The uprooted story continues throughout the Bible and the story of the exile of the Israelites. This can be followed in Kings, Chronicles, Esther, Jeremiah, Isaiah, Ezekiel, and Amos. Literally everyone is on the move and most are going into exile. This includes the prophets, the priests, and the people. Exile shows no mercy, however there are persons who did not and do not go into exile.

Migration of Jesus

Jesus was born in Bethlehem, to which his parents traveled because of the census and taxation. We know that Jesus, Mary, and Joseph settled for about two years in Bethlehem, until after the Wise Men’s appearance.

Once the three kings left, an angel appeared to Joseph in a dream and said, ‘Get up, take the child and his mother, and flee to Egypt, and remain there until I tell you; for Herod is about to search for the child, to destroy him. Then Joseph got up, took the child and his mother by night, and went to Egypt and remained there until the death of Herod. This was to fulfill what had been spoken by the Lord through the prophet, ‘Out of Egypt I have called my son.” (Matthew 1:13-15)

Jesus, Mary, and Joseph became ‘asylum seekers’ in Egypt. Without travel documents, they cross the border, looking for safety and sanctuary. Someone takes them in. Someone welcomes them and protects them.

Thus says the LORD of hosts, the God of Israel, to all the exiles whom I exiled from Jerusalem to Babylon: ‘Build houses to dwell in; plant gardens, and eat their fruits. Take wives and beget sons and daughters; find wives for your sons and give your daughters husbands, so that they may bear sons and daughters. There you must increase in number, not decrease. Promote the welfare of the city to which I have exiled you; pray for it to the LORD, for upon its welfare depends your own.’ Jeremiah 29: 4-7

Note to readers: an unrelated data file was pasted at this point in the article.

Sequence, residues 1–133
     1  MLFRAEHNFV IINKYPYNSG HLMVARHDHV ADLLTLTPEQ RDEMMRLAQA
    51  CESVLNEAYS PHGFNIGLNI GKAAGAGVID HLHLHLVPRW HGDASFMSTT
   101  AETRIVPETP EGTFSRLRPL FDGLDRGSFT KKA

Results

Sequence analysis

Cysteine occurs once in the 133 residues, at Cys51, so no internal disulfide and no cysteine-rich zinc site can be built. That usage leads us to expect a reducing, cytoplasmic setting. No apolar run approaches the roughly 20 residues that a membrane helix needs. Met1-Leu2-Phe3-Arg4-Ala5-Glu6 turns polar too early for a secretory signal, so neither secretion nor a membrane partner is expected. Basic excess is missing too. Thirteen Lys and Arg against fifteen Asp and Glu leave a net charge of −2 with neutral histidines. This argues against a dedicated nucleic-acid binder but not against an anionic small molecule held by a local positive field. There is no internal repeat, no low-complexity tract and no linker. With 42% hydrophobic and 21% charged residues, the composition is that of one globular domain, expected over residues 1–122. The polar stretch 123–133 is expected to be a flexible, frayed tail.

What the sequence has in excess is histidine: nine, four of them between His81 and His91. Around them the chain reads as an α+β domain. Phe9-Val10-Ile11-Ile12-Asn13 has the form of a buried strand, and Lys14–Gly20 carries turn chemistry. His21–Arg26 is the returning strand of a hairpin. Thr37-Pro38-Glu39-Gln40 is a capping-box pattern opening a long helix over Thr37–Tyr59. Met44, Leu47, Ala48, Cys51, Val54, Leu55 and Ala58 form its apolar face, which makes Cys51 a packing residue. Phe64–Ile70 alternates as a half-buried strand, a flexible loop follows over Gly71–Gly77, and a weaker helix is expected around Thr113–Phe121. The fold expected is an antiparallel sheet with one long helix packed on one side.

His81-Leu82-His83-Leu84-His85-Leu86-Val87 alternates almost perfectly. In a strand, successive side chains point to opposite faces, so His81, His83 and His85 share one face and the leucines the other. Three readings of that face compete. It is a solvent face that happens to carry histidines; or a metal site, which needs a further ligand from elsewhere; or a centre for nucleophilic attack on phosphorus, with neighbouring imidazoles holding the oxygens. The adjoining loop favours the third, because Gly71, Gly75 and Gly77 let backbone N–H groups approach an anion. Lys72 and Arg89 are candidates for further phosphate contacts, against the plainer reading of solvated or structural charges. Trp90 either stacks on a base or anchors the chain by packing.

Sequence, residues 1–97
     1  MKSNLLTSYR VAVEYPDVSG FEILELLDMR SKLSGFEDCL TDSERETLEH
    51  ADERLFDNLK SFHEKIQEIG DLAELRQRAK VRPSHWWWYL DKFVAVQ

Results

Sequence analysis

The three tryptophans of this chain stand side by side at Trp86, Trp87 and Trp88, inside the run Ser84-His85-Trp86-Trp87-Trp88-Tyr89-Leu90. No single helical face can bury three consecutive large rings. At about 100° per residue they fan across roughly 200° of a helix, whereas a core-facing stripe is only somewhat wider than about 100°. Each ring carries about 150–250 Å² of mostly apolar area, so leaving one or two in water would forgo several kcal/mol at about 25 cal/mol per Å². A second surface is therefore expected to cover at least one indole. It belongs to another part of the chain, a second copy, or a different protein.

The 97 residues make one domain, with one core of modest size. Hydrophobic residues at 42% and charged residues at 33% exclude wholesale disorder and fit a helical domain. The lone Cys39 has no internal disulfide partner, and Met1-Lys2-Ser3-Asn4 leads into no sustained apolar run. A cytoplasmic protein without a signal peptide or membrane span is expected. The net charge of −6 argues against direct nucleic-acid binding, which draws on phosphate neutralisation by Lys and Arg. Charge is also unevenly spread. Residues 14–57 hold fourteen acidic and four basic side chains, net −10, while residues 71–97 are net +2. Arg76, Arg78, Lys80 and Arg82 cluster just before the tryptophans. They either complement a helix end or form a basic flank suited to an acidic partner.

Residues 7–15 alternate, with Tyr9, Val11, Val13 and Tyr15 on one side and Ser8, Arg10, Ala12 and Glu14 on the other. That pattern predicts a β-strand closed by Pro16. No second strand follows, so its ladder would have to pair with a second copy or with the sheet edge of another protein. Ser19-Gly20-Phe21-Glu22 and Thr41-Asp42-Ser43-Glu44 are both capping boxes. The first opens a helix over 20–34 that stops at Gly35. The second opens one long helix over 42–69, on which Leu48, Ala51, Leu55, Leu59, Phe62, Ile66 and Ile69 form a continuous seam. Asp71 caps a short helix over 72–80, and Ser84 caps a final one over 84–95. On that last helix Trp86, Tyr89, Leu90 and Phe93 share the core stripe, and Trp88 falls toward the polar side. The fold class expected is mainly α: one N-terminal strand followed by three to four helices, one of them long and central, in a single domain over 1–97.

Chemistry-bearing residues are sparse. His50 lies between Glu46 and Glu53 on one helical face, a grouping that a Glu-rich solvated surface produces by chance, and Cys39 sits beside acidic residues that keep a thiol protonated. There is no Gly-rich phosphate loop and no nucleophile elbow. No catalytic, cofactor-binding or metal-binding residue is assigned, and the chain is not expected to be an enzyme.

The first and primary duty of each migrant is to work hard for the well-being of the country they are migrated in. A Christian migrant needs to pray for the host country.

A vision of Isaiah announced this: ‘In the days to come the mountain of the temple of Yahweh shall tower above the mountains… All the nations will stream to it’ (Isaiah 2:2). In the gospel Jesus Himself prophesied that ‘people from east and west, from north and south, will come to take their places at the feast in the kingdom of God’ (Lk 13:29), and the Apocalypse sees ‘a huge number… from every nation, race, tribe and language’ (Ap 7:9).

The Bible begins with the ‘migration’ of God’s spirit and ends with John in exile on the Isle of Patmos – between those two events the uprooted people of God seek safety, sanctuary and refuge.

– – – written by Santimon Jacob